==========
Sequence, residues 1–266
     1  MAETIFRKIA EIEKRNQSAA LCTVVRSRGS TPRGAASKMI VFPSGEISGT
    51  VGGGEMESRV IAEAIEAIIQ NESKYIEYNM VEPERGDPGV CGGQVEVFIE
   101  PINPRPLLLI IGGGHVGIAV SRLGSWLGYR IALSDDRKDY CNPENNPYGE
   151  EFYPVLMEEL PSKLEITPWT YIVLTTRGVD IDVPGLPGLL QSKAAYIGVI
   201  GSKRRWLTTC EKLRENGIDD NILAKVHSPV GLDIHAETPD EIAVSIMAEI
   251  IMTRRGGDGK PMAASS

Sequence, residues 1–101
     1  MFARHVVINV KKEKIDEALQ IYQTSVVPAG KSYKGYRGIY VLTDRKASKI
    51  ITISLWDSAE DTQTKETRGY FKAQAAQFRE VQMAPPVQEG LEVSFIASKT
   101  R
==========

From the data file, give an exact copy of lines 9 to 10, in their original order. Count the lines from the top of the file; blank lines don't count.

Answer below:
     1  MFARHVVINV KKEKIDEALQ IYQTSVVPAG KSYKGYRGIY VLTDRKASKI
    51  ITISLWDSAE DTQTKETRGY FKAQAAQFRE VQMAPPVQEG LEVSFIASKT